Jan 17, 2017
Many car auction houses use something called “the light system.”
The light system uses three colors (red, yellow and green) that indicate how much information the seller has disclosed about the auction car. So at the auction, as each of the cars is introduced, a green, yellow, or red light will be announced (or displayed visually) in addition to any other details about the car. Beware: the lights do not indicate anything about the car’s condition. Many people naively mistake a green light to signify that the car has no problems, but that is not true.
These car auction lights typically mean the following:
- Red: If you’re a first-time car auction participant or if you aren’t an experienced car mechanic, you may want to steer clear of a red-light auction car. Purchasing an auction car that has a red light means that you will buy the auction car as is—with no arguments or negotiation. If you purchase an auction car on a red-light status, you simply cannot have buyer’s remorse; if you are the winning bidder than the car is yours.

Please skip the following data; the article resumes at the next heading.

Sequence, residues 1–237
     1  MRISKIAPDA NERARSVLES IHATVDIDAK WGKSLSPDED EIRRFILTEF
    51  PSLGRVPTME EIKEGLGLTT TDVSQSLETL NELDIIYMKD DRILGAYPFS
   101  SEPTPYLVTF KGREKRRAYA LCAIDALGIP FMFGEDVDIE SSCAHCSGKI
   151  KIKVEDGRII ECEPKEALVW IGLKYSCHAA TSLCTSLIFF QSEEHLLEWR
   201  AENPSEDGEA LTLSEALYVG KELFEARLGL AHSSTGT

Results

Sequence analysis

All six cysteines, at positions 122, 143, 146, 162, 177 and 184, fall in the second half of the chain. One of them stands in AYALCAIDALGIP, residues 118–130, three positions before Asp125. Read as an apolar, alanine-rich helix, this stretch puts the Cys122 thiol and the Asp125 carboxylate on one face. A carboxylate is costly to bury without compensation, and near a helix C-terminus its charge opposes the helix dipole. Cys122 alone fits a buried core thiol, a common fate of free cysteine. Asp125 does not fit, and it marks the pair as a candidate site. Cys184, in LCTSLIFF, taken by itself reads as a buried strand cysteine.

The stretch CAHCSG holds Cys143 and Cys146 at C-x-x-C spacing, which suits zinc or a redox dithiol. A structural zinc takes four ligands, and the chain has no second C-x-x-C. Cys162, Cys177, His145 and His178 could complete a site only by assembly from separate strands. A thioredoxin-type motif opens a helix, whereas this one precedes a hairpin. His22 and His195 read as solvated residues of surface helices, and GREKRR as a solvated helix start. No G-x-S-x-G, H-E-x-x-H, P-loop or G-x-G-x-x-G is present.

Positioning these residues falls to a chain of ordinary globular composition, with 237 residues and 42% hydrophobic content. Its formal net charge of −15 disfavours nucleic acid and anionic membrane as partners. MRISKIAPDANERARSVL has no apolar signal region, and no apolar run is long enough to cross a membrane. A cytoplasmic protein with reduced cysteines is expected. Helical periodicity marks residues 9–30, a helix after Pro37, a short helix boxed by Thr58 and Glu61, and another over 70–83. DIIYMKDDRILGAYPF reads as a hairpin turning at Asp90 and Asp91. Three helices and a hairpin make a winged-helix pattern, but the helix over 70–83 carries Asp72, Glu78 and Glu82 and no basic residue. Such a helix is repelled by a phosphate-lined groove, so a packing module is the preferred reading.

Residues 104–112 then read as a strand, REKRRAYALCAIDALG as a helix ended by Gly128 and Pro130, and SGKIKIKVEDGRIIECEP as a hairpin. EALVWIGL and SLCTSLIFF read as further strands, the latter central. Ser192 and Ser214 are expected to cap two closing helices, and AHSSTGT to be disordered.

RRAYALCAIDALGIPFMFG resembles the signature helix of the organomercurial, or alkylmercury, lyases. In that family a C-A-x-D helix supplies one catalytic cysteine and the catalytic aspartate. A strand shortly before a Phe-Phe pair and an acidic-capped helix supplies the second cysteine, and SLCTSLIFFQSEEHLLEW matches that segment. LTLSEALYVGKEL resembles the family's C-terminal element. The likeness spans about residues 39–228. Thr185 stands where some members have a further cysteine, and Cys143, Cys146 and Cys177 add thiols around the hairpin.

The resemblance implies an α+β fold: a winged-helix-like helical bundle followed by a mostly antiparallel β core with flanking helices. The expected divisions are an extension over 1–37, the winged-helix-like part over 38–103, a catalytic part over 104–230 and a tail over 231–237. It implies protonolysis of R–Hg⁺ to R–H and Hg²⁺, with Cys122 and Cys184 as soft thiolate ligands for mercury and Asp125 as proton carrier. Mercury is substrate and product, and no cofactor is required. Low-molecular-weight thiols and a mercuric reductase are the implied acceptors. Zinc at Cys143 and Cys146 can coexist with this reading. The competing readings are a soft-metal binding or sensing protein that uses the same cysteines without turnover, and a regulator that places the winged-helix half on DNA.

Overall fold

- Yellow: This light is the trickiest, whether you’re attending a car auction in Fort Wayne, New York, or small-town America. It means that the seller may have disclosed some information about the auction car, such as mechanical defects or a salvaged title, but you may not have every detail about yellow light cars for auction. Therefore, the purchase could go either way.
- Green: Buying a green-light auto auction car is the safest way to go. If you buy a green-light Fort Wayne auction car, then you can generally feel confident about your purchase. Note that a green light does not mean you are getting an auction car free of any repairs, but you will have the assurance that the car has been inspected and that major repairs have been reported by the seller. Green-light cars for auction are the best type to buy if you don’t want to take a gamble.